U.S. Department of Energy

Pacific Northwest National Laboratory

Fredrickson on the “Chemistry of Microbiomes” Seminars

Jim Fredrickson

Microbes make up most of the planet's biomass, living in collaborative communities called microbiomes, which thrive on land, at sea, and within ourselves. They catalyze chemical reactions affecting the health of the Earth's ecosystem and of every human. But many mysteries remain for scientists studying these little worlds of large import.

"The Chemistry of Microbiomes" will help. PNNL geomicrobiologist and Laboratory Fellow Jim Fredrickson said the next seminar in the series will be webcast from 2 to 5 p.m. (ET) Wednesday Oct. 19 in Washington, D.C and will focus on the microbiome of marine habitats. It is the second of four seminars sponsored this fall by the Chemical Sciences Roundtable at the National Academy of Sciences and by the Department of Energy. (On the roundtable board is Allison Campbell, Associate Laboratory Director for Earth and Biological Sciences at PNNL.)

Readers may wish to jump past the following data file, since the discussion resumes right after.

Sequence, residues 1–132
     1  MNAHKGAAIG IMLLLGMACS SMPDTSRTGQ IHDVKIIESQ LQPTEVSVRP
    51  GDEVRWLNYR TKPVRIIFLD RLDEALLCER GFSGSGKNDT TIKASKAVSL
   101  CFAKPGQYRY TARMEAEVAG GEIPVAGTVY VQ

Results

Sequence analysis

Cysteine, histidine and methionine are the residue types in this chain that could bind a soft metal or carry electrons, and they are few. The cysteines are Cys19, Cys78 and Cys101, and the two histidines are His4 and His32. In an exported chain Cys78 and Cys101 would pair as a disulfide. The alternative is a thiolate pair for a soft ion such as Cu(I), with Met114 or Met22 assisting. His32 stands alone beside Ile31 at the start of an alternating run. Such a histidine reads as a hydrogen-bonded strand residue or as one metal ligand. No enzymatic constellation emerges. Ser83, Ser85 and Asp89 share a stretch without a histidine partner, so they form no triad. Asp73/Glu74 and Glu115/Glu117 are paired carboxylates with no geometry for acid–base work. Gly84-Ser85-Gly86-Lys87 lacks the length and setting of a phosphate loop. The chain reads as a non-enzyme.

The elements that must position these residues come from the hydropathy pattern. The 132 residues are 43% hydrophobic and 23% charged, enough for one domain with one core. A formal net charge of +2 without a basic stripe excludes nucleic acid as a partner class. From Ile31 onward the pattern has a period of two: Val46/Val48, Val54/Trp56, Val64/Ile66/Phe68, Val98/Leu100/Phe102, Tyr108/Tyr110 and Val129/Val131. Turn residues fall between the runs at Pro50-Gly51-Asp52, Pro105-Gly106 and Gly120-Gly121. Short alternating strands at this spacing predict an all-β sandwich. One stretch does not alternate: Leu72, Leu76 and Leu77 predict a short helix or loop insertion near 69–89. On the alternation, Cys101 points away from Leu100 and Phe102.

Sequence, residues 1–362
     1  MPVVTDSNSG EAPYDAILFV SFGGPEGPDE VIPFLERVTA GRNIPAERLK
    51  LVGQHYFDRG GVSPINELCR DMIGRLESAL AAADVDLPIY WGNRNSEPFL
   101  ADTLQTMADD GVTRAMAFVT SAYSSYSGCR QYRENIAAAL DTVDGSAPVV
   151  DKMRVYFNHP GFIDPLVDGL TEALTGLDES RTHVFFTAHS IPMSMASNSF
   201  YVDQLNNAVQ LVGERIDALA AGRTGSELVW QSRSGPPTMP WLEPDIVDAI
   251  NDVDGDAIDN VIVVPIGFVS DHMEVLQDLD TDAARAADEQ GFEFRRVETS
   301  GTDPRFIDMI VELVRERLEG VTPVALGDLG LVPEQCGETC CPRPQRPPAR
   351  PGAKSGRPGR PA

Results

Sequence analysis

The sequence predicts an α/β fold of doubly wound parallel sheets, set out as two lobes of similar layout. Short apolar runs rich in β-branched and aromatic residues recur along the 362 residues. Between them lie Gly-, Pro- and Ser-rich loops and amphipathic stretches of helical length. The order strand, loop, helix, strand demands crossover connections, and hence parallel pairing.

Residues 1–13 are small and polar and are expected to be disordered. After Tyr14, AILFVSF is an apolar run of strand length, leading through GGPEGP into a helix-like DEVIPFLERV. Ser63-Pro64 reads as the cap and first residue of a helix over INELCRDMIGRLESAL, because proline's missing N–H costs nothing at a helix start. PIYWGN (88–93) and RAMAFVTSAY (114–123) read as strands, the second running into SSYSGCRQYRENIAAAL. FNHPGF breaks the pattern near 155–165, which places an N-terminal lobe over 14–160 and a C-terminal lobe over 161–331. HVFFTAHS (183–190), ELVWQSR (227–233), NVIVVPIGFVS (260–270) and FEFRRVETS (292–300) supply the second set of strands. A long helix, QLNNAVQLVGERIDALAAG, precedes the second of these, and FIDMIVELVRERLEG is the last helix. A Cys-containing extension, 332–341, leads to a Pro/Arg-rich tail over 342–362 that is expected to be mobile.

Fredrickson is on the planning committee and is one of three chairs in the series. In September, he oversaw the first seminar, on the terrestrial microbiome. This "expansive and diverse" habitat for microbes, Fredrickson explained to a combined audience of 180, includes niches within the Earth's crust, in soils, and in terrestrial-aquatic interfaces - "very special regions," he said, and "very important factors for sustaining the environment."

Importantly, there are also the Earth's little appreciated subsurface terrestrial microbial habitat, Fredrickson said, where there is "more biomass beneath our feet than exists collectively on the rest of the planet." His remarks, along with three other expert presentations, were captured on video.

Following the Nov. 9 seminar (on the human microbiome), Fredrickson will speak at an all-microbiome final seminar on Dec. 7. A proceedings on the whole series, he said, will be published "sometime after the first of the year."

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